Changing human behaviour to avert the climate crisis


Dr. Jiaying Zhao (she/her/hers) is an associate professor in the UBC Department of Psychology and the Institute for Resources, Environment and Sustainability, and holds the Canada Research Chair in Behavioural Sustainability. In a recent article, she talks about her research, and how she makes use of psychological principles to explain why, despite evidence, "some people continue to refute the existence of climate change and the need to act on it ... and how we can respond."

Article highights include how:

Beliefs can be polarizing: With equipment that includes eye-trackers and virtual reality headsets, she explores participants’ reactions when shown evidence of climate change.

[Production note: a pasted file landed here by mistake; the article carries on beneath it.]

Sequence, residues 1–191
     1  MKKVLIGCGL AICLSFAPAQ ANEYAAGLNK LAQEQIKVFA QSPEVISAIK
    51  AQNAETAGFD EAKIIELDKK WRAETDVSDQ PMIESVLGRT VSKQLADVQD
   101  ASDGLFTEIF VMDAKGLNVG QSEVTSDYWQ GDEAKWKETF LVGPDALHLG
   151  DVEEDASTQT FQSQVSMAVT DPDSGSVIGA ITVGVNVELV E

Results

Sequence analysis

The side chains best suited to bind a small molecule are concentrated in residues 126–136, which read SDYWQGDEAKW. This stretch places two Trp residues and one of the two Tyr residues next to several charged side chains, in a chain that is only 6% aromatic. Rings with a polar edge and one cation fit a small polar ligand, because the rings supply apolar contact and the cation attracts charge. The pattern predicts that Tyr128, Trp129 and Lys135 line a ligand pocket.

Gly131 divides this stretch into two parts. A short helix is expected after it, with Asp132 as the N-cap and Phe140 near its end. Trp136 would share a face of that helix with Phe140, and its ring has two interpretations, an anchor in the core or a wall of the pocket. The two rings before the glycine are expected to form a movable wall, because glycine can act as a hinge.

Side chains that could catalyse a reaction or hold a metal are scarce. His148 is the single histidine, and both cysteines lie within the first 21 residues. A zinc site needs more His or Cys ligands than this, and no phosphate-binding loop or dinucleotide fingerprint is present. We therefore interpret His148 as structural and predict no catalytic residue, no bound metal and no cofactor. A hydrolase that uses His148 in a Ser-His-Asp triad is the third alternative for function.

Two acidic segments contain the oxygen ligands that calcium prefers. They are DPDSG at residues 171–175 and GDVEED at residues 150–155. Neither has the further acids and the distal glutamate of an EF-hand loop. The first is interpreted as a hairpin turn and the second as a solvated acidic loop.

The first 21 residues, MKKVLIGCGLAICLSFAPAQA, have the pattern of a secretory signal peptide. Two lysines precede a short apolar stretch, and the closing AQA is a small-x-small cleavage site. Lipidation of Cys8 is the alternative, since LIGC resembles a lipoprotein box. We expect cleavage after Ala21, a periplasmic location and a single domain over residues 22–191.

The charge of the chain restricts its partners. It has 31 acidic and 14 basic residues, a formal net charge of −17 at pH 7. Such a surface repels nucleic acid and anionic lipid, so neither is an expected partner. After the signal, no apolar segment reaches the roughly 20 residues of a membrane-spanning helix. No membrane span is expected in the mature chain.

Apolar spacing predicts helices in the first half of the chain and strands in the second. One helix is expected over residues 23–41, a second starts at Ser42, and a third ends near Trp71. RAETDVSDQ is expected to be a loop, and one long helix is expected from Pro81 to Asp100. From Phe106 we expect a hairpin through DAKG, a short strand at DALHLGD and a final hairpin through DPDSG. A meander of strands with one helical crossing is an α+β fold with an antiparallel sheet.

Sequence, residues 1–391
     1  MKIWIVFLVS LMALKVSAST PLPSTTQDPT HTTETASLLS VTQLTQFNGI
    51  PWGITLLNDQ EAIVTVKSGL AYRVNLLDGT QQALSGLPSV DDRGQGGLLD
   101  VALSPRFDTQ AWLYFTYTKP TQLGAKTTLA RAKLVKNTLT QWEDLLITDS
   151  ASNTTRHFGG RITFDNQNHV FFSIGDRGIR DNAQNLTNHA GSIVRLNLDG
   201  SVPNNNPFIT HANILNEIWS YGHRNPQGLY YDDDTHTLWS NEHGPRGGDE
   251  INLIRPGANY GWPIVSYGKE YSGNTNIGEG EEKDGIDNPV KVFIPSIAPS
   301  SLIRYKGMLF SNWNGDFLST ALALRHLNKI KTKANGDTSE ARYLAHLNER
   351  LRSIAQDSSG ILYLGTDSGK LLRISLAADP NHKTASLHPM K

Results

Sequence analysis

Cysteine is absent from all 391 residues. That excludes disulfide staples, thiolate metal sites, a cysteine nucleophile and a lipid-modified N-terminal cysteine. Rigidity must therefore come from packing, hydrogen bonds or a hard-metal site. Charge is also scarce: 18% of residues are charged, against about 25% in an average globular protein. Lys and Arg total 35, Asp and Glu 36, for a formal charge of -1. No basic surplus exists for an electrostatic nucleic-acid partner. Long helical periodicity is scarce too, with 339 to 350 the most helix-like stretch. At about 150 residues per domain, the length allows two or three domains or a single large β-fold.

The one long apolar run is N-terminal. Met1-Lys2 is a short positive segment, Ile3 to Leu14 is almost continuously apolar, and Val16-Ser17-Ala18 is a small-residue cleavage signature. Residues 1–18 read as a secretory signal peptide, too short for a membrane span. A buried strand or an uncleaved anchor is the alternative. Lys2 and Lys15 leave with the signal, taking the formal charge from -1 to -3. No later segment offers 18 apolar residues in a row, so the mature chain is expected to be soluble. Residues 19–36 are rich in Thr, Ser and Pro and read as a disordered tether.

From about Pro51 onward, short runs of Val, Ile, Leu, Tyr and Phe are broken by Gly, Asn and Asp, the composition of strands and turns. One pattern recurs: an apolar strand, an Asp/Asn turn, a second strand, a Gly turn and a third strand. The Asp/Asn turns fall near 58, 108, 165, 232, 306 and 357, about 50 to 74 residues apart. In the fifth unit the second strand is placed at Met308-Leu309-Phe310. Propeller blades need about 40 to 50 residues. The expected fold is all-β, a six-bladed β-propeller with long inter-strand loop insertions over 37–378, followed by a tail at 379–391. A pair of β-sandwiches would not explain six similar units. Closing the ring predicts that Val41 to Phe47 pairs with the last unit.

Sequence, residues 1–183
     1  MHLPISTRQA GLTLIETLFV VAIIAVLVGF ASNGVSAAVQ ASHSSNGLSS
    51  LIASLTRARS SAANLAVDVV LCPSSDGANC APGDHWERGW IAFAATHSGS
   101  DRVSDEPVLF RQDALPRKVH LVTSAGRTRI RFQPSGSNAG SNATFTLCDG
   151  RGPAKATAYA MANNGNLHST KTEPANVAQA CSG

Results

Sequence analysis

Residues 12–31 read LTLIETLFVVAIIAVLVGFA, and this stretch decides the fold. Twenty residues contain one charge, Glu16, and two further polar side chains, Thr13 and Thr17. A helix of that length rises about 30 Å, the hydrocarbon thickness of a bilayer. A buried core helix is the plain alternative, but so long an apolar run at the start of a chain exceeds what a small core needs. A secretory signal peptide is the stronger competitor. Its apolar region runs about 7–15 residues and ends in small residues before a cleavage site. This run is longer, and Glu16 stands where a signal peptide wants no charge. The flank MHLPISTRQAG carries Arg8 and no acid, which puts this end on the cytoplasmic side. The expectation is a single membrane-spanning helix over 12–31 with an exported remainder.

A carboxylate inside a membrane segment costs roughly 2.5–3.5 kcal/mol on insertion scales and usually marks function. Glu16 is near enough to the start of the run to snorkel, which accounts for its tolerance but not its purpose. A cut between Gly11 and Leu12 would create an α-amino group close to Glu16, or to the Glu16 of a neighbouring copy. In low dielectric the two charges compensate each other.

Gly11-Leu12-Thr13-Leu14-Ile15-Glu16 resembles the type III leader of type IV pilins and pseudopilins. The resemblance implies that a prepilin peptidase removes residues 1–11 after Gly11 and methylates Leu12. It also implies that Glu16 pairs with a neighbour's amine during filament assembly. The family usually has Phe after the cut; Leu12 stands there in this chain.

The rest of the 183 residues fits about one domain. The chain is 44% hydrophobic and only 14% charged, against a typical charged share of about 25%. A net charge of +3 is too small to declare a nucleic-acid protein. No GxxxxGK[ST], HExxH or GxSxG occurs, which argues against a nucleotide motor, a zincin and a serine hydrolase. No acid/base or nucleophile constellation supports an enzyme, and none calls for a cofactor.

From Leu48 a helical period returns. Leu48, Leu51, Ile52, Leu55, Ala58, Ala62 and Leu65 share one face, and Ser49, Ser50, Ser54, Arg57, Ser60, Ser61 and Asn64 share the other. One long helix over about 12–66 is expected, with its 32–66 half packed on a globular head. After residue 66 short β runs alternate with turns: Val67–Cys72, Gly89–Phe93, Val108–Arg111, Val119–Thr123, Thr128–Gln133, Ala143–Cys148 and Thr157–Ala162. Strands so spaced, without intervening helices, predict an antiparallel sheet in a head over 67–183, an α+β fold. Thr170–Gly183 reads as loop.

Taking action leads to happiness: With social psychologist Elizabeth Dunn (a UBC happiness researcher) she developed a workshop aimed at shifting personal behaviours as a means to inspire broader societal change.

There are six types of people: Organizing individuals into groups — from change makers to those who question the reality of climate change itself — highlights the importance of understanding these groups and tailoring interventions to their priorities and understanding.


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